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A Microbial Biorealm page on the genus Cryptococcus

Cryptococcus. Image from Dennis Kunkel Microscopy.



Higher order taxa:

Eukaryota; Fungi/Metazoa group; Fungi; Basidiomycota; Hymenomycetes; Heterobasidiomycetes; Tremellomycetidae; Filobasidiales; mitosporic Filobasidiales


Cryptococcus neoformans

NCBI: Taxonomy Genome

Description and Significance

Cryptococcus is a genus of encapsulated yeast, only one species of which is pathogenic in humans. That species, Cryptococcus neoformans, is found in bird droppings, eucalyptus trees, and decaying wood. Cryptococcus causes cryptococcosis in humans, manifesting itself usually in the form of meningitis but more recently also as pulmonary disease. It is gaining prevalence as the most life-threatening pathogen found in patients with immunocompromised systems. These fungi possess a distinctive polysaccharide cap, visible under an India ink stain. The organism enters the host's body by way of the respiratory system. Some patients may be asymptomatic, while some may not demonstrate symptoms until years after initial inhalation of the fungus.

Genome Structure

Currently there are several organizations working toward the complete sequencing of Cryptococcus neoformans' genome. Several of the chromosomes have already been mapped; the completion of the genome sequence will provide researchers with a better understanding of the fungus's history and complex characteristics. See NCBI's Genome Database for completed chromosome sequences.

Cell Structure and Metabolism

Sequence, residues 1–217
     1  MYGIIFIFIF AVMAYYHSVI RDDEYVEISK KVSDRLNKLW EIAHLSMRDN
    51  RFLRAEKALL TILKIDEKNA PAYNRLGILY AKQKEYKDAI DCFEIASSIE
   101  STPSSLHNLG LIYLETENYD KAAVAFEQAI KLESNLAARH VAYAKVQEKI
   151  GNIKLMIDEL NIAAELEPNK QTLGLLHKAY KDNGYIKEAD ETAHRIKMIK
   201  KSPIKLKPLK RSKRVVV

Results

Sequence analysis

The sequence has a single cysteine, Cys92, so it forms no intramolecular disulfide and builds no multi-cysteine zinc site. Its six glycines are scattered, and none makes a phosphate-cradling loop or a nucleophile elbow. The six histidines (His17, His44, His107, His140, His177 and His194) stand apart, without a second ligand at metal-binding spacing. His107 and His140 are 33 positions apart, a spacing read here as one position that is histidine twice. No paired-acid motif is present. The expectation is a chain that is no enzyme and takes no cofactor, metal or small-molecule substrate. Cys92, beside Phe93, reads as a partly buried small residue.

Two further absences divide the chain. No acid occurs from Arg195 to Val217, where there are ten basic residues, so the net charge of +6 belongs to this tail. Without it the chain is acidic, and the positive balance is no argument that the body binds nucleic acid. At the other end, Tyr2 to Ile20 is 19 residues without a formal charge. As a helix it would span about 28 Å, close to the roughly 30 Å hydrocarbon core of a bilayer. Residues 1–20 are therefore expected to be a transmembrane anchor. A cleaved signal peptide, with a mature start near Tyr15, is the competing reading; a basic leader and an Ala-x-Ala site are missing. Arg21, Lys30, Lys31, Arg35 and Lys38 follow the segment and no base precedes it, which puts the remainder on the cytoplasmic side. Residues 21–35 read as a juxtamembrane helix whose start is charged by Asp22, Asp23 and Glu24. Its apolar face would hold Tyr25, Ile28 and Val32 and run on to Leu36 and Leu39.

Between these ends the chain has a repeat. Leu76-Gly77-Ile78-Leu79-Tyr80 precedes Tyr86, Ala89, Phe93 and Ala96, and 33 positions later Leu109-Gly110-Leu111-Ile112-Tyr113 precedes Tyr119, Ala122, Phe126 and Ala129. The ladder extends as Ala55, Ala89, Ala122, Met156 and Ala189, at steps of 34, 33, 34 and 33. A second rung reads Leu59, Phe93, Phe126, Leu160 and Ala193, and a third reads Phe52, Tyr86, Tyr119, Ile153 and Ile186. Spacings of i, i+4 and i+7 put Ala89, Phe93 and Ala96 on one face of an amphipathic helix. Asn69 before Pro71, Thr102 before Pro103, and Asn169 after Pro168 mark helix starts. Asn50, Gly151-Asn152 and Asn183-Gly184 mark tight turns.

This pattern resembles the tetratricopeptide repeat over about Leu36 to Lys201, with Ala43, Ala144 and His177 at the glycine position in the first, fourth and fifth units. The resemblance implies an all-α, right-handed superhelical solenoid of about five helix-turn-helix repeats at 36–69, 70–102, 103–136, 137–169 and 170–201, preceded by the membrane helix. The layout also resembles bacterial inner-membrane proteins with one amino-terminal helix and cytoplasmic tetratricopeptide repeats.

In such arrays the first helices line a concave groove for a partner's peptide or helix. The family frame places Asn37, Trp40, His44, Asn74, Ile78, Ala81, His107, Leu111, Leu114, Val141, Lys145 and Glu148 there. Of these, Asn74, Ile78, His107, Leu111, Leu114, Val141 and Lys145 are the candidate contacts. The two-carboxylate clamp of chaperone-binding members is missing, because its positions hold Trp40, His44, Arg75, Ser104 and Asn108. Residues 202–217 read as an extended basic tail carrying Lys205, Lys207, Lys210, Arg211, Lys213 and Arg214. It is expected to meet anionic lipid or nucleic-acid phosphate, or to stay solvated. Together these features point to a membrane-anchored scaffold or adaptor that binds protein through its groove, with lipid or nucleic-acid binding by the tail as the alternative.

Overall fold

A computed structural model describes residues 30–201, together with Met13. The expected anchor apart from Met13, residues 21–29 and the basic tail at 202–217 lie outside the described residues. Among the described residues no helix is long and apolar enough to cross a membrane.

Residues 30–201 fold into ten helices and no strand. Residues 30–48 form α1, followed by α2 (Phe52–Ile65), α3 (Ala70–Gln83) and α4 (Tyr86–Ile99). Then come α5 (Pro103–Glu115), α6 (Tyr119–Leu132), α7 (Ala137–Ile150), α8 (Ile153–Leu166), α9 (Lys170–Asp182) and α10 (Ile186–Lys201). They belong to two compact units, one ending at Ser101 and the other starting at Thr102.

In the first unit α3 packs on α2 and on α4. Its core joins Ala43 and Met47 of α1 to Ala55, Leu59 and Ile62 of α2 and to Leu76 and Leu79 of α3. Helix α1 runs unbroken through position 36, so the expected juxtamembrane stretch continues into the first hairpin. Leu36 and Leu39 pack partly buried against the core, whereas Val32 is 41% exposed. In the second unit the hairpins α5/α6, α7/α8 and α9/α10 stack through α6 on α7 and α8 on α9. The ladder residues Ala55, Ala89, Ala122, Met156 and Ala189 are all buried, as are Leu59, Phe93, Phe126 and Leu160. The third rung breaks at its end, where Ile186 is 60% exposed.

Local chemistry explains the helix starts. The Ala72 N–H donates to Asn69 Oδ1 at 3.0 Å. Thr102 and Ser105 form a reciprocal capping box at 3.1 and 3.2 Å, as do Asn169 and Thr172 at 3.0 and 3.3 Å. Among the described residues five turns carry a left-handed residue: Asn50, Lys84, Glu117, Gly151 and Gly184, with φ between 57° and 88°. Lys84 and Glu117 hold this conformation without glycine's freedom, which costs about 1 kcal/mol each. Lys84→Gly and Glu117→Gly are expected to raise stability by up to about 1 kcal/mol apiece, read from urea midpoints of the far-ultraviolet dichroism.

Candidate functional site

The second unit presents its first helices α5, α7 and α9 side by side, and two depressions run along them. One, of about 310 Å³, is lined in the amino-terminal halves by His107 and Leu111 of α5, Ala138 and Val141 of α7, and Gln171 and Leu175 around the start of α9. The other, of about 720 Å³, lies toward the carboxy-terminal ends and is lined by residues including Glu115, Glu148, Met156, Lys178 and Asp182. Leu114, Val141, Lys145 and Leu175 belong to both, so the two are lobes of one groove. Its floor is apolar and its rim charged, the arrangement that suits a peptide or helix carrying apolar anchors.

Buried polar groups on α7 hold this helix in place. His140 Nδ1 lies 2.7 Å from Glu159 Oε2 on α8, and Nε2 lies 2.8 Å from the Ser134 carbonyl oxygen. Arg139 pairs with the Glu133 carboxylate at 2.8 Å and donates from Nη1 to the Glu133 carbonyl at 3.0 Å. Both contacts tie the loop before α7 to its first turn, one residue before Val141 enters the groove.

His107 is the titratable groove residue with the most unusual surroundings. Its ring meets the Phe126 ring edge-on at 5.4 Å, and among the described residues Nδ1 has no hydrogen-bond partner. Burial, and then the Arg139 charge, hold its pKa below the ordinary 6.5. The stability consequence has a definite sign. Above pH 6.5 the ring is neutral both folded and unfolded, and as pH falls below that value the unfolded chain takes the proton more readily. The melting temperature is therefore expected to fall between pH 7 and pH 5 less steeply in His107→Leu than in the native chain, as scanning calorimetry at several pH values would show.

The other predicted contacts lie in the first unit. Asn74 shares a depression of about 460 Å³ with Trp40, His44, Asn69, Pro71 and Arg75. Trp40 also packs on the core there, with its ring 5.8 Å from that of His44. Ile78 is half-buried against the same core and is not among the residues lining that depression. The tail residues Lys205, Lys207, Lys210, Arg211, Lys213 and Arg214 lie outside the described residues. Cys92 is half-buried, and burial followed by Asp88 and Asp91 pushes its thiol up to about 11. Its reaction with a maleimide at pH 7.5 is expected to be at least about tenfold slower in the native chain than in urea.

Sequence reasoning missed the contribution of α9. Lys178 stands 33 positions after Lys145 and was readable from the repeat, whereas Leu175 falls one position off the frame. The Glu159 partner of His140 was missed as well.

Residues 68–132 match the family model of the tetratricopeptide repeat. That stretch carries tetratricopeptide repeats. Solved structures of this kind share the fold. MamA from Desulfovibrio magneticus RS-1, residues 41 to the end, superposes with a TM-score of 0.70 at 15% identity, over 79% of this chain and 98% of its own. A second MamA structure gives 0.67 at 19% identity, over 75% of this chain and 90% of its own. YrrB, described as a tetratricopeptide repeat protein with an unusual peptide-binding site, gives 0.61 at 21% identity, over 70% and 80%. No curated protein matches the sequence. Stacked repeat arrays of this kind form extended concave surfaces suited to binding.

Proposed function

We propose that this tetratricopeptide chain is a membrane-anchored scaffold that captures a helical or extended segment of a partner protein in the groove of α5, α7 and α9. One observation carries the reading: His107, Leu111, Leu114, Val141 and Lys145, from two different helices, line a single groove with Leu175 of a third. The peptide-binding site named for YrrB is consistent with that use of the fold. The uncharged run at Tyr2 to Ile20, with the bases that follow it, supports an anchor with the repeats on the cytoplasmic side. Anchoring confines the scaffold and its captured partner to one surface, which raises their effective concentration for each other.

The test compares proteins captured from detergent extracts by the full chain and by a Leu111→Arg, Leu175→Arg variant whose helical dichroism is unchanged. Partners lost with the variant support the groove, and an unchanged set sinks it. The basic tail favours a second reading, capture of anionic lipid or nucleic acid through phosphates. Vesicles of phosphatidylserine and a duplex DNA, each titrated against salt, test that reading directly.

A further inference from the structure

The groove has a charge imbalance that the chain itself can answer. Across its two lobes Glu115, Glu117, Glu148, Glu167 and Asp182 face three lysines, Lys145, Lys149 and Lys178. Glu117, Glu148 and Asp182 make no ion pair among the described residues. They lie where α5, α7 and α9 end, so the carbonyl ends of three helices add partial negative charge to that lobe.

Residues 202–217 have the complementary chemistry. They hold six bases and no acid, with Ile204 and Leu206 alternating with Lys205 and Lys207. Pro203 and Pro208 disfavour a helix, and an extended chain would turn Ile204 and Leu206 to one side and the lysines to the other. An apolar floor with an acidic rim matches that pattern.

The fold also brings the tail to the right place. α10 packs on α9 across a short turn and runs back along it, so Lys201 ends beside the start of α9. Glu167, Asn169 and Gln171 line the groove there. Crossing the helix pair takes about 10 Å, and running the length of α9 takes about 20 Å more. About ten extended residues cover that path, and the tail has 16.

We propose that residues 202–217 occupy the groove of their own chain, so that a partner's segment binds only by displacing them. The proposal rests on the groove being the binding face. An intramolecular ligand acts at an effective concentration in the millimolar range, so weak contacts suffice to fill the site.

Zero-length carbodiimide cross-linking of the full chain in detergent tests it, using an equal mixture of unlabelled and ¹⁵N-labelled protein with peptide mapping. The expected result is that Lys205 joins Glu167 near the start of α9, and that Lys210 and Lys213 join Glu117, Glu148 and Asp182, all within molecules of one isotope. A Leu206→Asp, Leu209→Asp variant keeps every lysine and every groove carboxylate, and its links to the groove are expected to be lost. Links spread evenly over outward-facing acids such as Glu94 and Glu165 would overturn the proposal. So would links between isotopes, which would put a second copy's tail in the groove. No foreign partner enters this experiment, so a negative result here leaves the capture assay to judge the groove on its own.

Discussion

Image from BioTeach.

The cells of Cryptococcus are round or oval-shaped, with a polysaccharide cap. Reproduction occurs both asexually in the form of budding or sexually (see diagram). Sexual reproduction occurs when two haploid Cryptococcus cells fuse, producing thread-like extensions called hyphae. At the end of the hypha a structure called the basidium, a spore-producing, club-shaped structure. The basidium produces spores when the two haploid nuclei inside the structure fuse to produce one diploid nucelus. Spores result from meiosis and mitotic divisions, which are then released and enter the host through the respiratory system. When the spores are inhaled, normally the immune system halts reproduction; when the immune system is not functioning properly, the spores are allowed to replicate and take over, causing many of the clinical symptoms associated with cryptococcosis. Most strains of Cryptococcus utilize creatinine as a nitrogen source.


Mucoid colonies of Cryptococcus.

Cryptococcus is a fungus which is found worldwide, primarily in bird guano or around eucalyptus trees. There are no known instances of animal-to-human transmission or human-to-human transmission, except in the case of whole-organ transplants, which may cause the organ recipient to become infected. Healthy individuals who are exposed to the spores from bird droppings or in laboratories may be at higher risk of infection. AIDS patients and others who suffer from weak immune systems are especially at risk, as they are unable to protect the body against the invasion of the spores.


Cryptococcus spp. Doctor Fungus.

Cryptococcus Mycology Online. The University of Adelaide, Australia.

DiSalvo, A. Mycology-Chapter Three: Yeasts. Microbiology and Immunology Online. School of Medicine, University of South Carolina.

Hull, Christina M. et al. Genetics of Cryptococcus neoformans. Annual Review of Genetics vol 36. 557-615.

King, John W. Cryptococcosis. eMedicine Clinical Knowledge Base.

Simmer, M. et al. A Peach of a Pathogen: Cryptococcus neoformans. BioTeach.

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